Mesme laughed for a moment.
“How would you evaluate my continued progress if I did not insist upon it?”
“Regardless, we must insist that you choose a mate now,” said the thin one, placing a data card on the table, presumably with a list of names deemed suitable by the Fio’O geneticists on Tau‘n. Mesme eyes widened, shocked by this sudden move. She was speechless.
“For the Greater Good, Shas‘O.”
___________________ ___________________ __________-
Vre’Kaishi stood in his jumpsuit in the launch bay of the Serra, overseeing the gue’vasa troops preparing for battle. They had donned the grey-blue Sacea-pattern camouflage for their fateful mission to the surface of Falasten Prime. The troops would be making history as the first majority-gue’la strike force in the empire’s history. As Kaishi pondered on whether this was a sign of the future or just the result of the unique nature of the Serra’shan’al, he couldn’t help but notice the smells of the humans.
They were nervous, or so the bodyguard guessed. Not that they could tell that amongst themselves, but the Tau had a far more potent sense of smell. The ability to sense mood vaguely but wordlessly was something natural to all Tau, and Kaishi’s extensive experience with gue’la made him an educated guesser.
The launch bay was a massive cavernous space, with Orca dropships lining an entire wall. Their sleek black paintjobs made them look something like massive whales, with deadly cargos piling into their mouths. Some were troop carriers, others were the highly modified versions for carrying gravtanks.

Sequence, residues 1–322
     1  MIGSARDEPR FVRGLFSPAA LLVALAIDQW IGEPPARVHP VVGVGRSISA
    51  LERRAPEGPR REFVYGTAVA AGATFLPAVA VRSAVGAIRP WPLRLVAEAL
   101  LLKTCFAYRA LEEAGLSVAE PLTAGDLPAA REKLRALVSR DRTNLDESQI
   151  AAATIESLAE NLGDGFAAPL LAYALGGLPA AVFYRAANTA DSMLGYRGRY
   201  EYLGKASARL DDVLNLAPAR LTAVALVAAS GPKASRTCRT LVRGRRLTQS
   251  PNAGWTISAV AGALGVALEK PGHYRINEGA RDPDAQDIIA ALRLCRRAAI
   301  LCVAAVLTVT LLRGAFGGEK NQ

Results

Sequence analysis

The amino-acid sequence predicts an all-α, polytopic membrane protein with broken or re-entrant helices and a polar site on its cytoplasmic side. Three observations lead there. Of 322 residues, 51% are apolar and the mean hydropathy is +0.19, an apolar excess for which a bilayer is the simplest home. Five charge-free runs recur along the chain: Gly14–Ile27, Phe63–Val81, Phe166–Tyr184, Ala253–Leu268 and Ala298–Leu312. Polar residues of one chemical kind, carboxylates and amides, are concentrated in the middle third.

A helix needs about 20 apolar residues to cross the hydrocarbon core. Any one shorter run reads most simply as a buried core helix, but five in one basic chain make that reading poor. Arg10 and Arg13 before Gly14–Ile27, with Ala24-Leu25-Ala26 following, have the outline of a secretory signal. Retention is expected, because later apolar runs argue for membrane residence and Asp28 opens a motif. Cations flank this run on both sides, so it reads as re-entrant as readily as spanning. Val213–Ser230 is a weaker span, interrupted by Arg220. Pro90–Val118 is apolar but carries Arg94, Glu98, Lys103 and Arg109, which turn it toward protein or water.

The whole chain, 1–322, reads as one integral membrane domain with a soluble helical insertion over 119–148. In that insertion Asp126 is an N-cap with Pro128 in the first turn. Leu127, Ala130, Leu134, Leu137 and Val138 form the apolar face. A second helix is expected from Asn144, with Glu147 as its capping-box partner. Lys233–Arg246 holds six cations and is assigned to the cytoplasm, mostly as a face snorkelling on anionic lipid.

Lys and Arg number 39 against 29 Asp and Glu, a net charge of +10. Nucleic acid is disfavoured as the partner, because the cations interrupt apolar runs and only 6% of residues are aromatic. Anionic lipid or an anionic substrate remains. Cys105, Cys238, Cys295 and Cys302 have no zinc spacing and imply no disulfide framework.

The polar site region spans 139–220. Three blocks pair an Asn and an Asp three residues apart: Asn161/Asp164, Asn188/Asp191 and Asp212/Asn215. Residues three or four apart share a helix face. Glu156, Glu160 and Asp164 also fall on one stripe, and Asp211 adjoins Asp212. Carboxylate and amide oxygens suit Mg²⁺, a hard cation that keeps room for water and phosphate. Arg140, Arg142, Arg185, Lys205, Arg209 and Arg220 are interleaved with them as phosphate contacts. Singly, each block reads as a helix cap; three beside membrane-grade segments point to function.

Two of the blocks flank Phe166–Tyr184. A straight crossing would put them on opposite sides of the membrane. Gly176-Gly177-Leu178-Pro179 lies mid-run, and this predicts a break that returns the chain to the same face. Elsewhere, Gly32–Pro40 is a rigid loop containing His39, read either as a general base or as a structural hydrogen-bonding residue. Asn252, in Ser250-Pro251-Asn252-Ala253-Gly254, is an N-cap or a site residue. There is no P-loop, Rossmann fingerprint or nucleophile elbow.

Air and Earth caste engineers were making their last minute checks on them, as the gue’vasa started taking their seats inside.
El’Ka entered his battlesuit as Kaishi finished his last look at the scene before him, and took a step towards his own death-dealing second skin. He stopped dead in his tracks as the doors from the main corridor opened, and Mesme walked swiftly past him.
Kaishi greeted her casually as usual, but she completely ignored him, stepping into her battle suit quickly. The two Aun’vre appeared at the doors soon afterwards, observing as Kaishi had been not a moment earlier. The meal had been cancelled, and now he knew why. Clearly the Aun had made some demands that Mesme found highly irritant, her face reminding Kaishi of their youth when he saw that expression many times. The bodyguard finally reached his wargear and continued his thoughts as the faceplate connected and his commander began to speak.
“Gue’vasa of the Serra’shan’al,” Mesme said, addressing the humans,